What’s remarkable about the 208 seconds it took from takeoff to landing in the Hudson, is how they implemented the plan. They not only completed their normal checklist items, but within two seconds of the engines rolling back, they started on the emergency checklist: turning on auxiliary power; hitting the ignition switches; communicating with Air Traffic Control and then executing a flawless landing in the Hudson. They then ensured that every passenger was out of the plane before exiting onto the wings themselves. (If you want to see the graphic of the flight path overlaid with communication both inside and outside the cockpit, click here.)

Market volatility such as we have seen recently (but we have seen it many times over our careers) is the time when process pays massive dividends. Just like Sullenberger, we know what to do when markets are moving in either direction because we have trained, practiced, and created systematic processes which take human bias and emotion out of the equation. We don’t have to guess or create a philosophy of investing since we have one already in place. During this time, we are implementing two key strategies in tandem: Rebalancing and Tax Loss Harvesting.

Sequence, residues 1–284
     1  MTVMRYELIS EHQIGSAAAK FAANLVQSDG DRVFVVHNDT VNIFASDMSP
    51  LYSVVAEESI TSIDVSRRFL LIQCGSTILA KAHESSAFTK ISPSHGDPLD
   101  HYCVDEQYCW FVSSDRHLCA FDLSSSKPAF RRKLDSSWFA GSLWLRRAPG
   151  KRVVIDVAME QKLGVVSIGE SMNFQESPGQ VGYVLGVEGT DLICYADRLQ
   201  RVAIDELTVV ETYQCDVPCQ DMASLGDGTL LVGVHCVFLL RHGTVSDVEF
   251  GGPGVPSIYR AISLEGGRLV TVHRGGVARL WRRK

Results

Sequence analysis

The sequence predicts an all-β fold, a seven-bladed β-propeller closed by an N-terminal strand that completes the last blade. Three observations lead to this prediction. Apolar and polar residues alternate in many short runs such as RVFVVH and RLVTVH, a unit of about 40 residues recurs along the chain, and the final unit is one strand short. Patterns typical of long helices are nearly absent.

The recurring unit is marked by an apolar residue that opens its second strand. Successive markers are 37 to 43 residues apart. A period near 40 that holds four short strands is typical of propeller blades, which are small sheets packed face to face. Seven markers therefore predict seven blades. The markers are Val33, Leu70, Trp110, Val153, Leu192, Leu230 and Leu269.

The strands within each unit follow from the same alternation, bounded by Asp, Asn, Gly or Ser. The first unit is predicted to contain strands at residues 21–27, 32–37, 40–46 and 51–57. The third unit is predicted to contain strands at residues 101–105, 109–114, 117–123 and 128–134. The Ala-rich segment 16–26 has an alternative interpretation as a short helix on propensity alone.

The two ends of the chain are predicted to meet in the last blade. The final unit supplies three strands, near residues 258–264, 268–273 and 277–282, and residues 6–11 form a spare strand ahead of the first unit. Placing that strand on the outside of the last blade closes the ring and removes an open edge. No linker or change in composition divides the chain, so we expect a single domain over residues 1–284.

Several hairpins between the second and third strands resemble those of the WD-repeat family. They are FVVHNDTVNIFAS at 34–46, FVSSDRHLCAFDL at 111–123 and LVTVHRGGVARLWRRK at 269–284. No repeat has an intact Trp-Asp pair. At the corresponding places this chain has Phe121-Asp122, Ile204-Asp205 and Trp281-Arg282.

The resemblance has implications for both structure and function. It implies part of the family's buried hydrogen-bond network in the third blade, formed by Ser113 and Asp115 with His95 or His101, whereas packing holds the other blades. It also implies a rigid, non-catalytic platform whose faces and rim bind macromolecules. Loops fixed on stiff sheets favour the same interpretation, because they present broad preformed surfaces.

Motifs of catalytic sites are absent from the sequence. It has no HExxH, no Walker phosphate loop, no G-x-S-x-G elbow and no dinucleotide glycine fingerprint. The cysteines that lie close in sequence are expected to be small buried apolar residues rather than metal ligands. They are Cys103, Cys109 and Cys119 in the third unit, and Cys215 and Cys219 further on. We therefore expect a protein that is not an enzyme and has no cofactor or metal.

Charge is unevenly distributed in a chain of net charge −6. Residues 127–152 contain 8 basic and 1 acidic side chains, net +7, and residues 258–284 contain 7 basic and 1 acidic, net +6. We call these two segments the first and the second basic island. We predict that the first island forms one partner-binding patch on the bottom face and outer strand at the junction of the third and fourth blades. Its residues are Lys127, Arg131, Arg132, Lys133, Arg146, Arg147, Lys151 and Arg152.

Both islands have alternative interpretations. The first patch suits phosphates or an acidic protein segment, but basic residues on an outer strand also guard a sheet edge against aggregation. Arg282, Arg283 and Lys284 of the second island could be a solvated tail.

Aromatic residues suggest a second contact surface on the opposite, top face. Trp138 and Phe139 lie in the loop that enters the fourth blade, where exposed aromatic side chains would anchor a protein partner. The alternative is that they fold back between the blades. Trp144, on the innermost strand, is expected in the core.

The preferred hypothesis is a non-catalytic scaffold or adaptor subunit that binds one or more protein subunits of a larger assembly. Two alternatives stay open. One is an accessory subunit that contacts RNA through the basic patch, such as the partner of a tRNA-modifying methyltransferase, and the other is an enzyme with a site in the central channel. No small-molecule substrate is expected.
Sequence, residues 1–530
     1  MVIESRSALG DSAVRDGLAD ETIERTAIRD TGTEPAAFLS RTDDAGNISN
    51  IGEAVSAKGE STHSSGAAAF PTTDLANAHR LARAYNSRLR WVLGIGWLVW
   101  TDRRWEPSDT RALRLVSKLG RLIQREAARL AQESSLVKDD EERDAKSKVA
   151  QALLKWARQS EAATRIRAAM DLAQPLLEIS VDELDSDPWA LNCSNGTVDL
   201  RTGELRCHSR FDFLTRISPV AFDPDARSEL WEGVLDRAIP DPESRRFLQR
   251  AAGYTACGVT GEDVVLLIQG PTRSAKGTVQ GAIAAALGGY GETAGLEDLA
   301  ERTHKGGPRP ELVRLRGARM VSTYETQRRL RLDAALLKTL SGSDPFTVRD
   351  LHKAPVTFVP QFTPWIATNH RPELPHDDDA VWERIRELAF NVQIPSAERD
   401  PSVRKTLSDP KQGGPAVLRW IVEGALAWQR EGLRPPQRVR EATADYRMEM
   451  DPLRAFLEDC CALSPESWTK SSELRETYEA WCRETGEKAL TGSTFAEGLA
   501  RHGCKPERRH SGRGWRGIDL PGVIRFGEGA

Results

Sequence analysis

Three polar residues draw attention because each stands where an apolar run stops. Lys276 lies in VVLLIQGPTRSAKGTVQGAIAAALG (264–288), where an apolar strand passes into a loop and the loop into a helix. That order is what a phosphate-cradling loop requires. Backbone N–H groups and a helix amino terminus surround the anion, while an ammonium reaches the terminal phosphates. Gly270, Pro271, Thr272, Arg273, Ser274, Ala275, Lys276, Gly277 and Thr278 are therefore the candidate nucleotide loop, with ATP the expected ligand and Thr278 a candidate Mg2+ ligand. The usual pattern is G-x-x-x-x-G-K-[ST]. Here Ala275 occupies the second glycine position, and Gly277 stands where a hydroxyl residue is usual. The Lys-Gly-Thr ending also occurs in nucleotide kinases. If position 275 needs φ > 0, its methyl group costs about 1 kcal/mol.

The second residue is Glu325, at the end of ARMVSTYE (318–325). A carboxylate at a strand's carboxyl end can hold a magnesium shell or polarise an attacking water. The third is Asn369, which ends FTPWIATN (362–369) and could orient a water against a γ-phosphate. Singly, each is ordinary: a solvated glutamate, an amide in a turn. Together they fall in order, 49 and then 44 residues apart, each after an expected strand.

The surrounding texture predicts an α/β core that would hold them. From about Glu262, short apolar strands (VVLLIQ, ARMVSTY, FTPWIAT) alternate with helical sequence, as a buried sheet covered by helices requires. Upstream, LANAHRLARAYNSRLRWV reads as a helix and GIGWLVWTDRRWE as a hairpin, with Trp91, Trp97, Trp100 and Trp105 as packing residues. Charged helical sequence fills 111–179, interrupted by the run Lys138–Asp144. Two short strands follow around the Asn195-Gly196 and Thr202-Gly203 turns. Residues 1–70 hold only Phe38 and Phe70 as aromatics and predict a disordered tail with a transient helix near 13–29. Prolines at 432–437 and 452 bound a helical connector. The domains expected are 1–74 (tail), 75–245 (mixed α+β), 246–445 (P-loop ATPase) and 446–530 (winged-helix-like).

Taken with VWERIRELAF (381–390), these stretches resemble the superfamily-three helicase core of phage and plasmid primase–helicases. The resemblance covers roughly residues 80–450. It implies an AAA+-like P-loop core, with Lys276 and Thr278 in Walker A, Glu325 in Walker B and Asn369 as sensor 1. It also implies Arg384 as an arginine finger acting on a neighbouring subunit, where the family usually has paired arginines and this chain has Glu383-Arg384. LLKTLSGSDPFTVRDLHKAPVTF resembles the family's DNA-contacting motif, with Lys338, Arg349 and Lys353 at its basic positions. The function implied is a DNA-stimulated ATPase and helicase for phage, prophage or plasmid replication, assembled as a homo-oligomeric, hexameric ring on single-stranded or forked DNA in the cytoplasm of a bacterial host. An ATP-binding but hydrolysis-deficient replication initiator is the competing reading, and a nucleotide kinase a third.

Rebalancing Your Accounts

All portfolios are continually monitored to compare your required allocation to your current investment allocation. In retirement accounts where there are no capital gains tax issues, we maintain your mix by trimming from bonds and adding to equities in down stock markets and trimming from stocks and adding to bonds when markets are rising. During extreme market movements, you will notice that this process of rebalancing happens more than once (for those of you who were clients during the Great Recession of 2007-2009, rebalancing continued for eighteen months).